Symptoms seem contradictory

by Bonnie
(Georgia)

So I have been researching this as well as being highly sensitive for about a year now and still am not sure what is going on with my child. I know he is Highly Sensitive as described my Elaine Aron in The Hightly Sensitive Child. And as is common with that he does have symptoms of SPD as well but they are in several different categories.


For example, he is super sensitive to temperatures outside and water temps as well as super sensitive to smells, food textures, and lights but yet seems to never get dizzy. He hears things that no one else hears suggesting hypersensitivity and yet is often loud and plays very loudly. He loves to be active and yet can sit and watch tv or play with small toys for extremely long periods of time. He is emotionally sensitive across the board and has difficulty with new people and places in which I am not present and yet when at a playground seeks to play with total strangers and is bored if there is no one to play with or if no one will play with him.

Does anyone have this same thing going on or know what I should do? I have spoken to his pediatrician some but have not really gotten much info from her. Sorry this is so long! Thanks for letting me explain.

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Jan 22, 2010
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Some insights
by: Corinne

Hi, your son may be sensitive to smell and temperature but doesn't get dizzy because his sense of touch is sensitive but his sense of vestibular balance(found in ear) is under developed.

Though he's sensitive to some sounds, he speaks loudly because the frequencies, decibels, hertz of these sounds belong to a different range as compared to his own voice. Apart from the vestibular system, it's the auditory processing system at play here. He may be highly sensitive to some sounds and extremely desensitive to other sounds (like his own) etc.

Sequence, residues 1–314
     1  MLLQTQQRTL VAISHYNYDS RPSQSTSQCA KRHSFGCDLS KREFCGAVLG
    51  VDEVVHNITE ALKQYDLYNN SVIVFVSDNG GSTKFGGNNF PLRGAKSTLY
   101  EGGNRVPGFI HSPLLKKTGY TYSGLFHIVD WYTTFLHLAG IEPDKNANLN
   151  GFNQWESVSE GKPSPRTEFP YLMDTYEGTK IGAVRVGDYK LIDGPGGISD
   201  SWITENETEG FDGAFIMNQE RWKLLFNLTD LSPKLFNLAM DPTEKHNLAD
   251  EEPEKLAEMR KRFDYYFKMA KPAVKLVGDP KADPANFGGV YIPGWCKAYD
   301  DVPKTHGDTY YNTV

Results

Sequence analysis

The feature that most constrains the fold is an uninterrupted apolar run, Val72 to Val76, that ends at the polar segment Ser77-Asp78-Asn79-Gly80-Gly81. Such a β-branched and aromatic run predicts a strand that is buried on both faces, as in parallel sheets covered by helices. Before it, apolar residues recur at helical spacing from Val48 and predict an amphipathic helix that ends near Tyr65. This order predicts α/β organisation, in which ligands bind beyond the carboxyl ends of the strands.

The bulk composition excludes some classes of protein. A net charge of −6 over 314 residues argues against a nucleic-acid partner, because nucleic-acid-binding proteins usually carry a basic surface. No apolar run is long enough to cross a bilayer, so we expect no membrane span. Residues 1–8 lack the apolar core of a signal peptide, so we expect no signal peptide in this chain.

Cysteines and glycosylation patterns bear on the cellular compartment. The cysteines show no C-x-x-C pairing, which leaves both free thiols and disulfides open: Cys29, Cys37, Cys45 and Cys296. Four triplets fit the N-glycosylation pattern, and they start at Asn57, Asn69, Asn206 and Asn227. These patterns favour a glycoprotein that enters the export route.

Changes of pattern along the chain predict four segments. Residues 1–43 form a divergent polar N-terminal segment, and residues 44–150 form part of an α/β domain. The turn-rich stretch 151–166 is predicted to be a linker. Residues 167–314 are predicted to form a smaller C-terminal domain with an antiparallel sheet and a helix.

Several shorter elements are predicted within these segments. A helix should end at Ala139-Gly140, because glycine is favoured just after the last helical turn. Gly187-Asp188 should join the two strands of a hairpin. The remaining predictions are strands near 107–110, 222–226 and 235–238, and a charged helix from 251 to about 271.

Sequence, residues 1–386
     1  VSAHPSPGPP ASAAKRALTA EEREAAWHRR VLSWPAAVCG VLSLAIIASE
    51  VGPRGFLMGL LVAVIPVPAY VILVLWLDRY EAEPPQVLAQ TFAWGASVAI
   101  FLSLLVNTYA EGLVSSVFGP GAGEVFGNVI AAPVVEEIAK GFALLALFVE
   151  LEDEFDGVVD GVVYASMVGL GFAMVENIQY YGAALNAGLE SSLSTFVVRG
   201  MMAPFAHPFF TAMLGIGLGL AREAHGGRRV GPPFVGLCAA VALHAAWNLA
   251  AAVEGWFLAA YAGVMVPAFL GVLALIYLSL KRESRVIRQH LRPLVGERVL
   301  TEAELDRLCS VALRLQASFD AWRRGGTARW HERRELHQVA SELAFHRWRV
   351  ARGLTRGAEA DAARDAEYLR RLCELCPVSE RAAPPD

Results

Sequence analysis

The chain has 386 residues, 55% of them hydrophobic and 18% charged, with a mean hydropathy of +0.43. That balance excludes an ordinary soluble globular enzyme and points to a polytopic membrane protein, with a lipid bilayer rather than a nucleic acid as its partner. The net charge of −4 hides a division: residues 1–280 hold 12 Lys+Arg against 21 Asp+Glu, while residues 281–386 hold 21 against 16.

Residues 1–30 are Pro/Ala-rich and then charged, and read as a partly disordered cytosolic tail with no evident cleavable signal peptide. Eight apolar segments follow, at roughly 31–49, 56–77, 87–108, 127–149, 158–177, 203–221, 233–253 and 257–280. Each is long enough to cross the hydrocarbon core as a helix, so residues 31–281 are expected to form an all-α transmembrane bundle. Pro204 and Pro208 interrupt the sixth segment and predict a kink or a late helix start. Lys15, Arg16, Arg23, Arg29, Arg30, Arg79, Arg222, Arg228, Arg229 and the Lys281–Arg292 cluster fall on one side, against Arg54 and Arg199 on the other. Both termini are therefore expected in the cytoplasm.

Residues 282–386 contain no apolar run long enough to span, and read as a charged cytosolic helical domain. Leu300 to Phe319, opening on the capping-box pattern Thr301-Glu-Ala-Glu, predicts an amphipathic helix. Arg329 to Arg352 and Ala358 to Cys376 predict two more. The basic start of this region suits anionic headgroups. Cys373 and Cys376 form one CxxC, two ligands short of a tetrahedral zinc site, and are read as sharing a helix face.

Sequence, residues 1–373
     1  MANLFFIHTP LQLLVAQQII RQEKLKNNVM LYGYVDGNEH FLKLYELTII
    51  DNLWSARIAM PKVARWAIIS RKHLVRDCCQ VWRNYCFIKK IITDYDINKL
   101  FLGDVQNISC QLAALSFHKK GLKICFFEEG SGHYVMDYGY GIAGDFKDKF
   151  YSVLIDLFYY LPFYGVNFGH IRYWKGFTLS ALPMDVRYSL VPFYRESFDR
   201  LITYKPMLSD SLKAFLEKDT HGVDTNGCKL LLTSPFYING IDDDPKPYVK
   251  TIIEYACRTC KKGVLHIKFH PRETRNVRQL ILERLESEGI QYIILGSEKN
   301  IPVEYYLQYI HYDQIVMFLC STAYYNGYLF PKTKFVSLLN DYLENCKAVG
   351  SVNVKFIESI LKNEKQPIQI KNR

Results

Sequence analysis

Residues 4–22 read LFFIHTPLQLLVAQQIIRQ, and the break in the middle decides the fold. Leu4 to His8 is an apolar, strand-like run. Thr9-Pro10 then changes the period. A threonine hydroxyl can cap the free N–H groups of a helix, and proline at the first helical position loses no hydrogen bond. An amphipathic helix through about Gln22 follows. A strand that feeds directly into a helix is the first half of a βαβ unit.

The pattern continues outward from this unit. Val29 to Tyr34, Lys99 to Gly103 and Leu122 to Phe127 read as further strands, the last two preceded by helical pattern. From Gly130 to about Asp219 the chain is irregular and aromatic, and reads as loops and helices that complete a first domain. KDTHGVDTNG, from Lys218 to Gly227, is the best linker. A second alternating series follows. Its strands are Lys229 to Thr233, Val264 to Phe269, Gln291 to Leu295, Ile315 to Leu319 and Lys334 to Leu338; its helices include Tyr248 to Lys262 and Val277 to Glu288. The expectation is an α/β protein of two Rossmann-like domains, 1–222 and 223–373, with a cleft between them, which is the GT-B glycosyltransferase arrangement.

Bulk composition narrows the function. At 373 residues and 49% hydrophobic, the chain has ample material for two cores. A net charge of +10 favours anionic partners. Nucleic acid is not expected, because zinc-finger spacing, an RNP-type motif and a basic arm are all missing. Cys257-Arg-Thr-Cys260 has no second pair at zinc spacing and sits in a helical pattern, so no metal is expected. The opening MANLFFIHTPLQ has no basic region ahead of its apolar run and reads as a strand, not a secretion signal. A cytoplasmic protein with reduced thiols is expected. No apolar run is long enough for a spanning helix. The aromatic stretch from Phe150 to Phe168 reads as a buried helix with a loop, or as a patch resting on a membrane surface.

He's craves for action because he needs the propriceptive input which calms him down. When he's calm, he is then able to watch TV or settles down to play with toys.

He insecure when you are not around because of his underdeveloped vestibular system which causes him to be uncertain of his spatial awareness. If you are around he's emotionally secure, knowing full well that you will be his anchor even if he's unsure of his surroundings. So when you are there for him, he'll feel safe to seek social interaction.

I'm no expert here but I've got a son exactly like yours.He's been diagnosed with SPD and I've been reading and getting more knowledgeable as I journey with son. God bless


Jan 15, 2010
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Thanks and a little more info
by: Bonnie

First let me say thanks to everyone who responded so far. I greatly appreciate your thoughts and suggestions.

Second I realized after re-reading my first post that I left out a couple things. First my son is almost 4 years old and originally I decided to wait till he went to school to have him evaluated for OT we would probably see more issues come up then. But I keep thinking maybe we should go ahead now. The thing is is that it really doesn't disrupt our daily lives like I would think it needed to in order to be SPD. I have read Sensational Kids by Lucy Miller and The Out of Sync Child and both authors say that it usually disrupts daily life. I just know the things that are going to bother him like water temps or sounds and we just don't do those things that way. We have to prep him for things that are out of the usual like doctors appointments or me being gone for a few hours, etc but otherwise we just run along like normal.

His food textures I just don't make him eat and his intense emotions we work through as they come up and then after when he is calm. (Not to imply that we have that area under control because we definitely do not.) There are of course other things but this is one of the main reasons we have waited. I am going to ask though at the school he receives speech (he has a speech delay)from about getting an OT eval and if the therapist is certified in sensory issues. Thanks for letting me add to it.

Jan 15, 2010
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Three reactions
by: Anonymous

Hi Bonnie,